Nonfiction > Harvard Classics > William Penn > Fruits of Solitude
William Penn. (1644–1718).  Fruits of Solitude.
The Harvard Classics.  1909–14.
Part I
A Country Life
220. The Country Life is to be preferr’d; for there we see the Works of God; but in Cities little else but the Works of Men: And the one makes a better Subject for our Contemplation than the other.  1
  221. As Puppets are to Men, and Babies 1 to Children, so is Man’s Workmanship to God’s: We are the Picture, he the Reality.  2
  222. God’s Works declare his Power, Wisdom and Goodness; but Man’s Works, for the most part, his Pride, Folly and Excess. The one is for use, the other, chiefly, for Ostentation and Lust.  3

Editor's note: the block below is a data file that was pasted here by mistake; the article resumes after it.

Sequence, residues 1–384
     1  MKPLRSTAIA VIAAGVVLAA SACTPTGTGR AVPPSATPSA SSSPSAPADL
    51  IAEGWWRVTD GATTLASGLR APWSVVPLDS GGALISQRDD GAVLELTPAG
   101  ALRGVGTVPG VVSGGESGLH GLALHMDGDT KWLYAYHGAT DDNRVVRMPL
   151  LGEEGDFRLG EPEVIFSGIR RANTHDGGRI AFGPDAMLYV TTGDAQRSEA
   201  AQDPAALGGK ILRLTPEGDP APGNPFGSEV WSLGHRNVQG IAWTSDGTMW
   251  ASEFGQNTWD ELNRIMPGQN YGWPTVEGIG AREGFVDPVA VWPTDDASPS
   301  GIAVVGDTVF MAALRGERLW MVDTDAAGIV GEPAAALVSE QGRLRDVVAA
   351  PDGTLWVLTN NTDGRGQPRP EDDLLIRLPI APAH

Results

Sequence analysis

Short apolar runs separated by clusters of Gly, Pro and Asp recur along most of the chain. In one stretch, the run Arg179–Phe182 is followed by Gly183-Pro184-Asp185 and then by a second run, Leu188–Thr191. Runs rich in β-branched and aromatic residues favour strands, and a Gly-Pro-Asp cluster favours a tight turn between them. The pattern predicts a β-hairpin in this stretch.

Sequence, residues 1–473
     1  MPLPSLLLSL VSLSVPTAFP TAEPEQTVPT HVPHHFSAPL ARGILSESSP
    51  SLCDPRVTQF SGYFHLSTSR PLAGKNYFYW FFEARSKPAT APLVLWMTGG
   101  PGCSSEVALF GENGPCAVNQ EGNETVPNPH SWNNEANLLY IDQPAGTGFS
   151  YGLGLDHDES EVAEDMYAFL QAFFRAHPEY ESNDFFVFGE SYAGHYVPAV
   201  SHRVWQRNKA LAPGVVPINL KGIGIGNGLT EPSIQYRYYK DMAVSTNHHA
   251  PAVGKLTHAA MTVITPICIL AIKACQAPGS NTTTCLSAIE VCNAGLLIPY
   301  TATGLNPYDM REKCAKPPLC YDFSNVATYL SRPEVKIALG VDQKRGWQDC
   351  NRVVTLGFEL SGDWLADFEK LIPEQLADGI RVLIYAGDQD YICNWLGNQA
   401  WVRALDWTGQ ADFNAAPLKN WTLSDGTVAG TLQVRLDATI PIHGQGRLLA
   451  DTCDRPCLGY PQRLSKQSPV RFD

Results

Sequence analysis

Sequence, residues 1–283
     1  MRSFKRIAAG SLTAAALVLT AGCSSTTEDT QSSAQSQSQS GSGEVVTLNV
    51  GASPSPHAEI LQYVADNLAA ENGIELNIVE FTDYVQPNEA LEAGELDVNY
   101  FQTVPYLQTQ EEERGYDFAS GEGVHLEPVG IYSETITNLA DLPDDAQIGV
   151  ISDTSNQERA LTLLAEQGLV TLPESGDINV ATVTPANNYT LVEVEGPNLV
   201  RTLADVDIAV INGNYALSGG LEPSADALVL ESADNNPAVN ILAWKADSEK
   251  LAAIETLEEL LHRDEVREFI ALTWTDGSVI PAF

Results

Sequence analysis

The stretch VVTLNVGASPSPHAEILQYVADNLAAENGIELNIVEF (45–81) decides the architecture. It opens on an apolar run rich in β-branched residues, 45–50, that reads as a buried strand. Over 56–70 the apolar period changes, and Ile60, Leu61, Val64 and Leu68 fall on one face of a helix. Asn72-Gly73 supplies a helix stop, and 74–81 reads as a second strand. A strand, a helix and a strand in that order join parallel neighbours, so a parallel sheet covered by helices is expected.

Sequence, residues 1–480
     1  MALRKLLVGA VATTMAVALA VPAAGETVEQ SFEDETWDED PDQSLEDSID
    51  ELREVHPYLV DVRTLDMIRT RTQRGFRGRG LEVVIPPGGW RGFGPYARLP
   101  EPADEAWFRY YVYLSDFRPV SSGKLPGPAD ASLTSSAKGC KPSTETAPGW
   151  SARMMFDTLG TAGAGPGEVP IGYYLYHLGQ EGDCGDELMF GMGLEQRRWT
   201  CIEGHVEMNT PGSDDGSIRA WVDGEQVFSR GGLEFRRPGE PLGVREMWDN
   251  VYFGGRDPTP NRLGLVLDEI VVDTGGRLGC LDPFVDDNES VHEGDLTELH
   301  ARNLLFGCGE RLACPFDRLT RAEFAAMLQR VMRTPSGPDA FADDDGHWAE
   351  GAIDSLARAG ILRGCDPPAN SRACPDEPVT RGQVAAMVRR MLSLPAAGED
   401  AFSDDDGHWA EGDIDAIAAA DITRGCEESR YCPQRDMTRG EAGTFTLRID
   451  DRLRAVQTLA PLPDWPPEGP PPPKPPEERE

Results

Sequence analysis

223. The Country is both the Philosopher’s Garden and his Library, in which he Reads and Contemplates the Power, Wisdom and Goodness of God.  4
  224. It is his Food as well as Study; and gives him Life, as well as Learning.  5
  225. A Sweet and Natural Retreat from Noise and Talk, and allows opportunity for Reflection, and gives the best Subjects for it.  6
  226. In short, ’t is an Original, and the Knowledge and Improvement of it, Man’s oldest Business and Trade, and the best he can be of.  7
Note 1. Dolls. [back]


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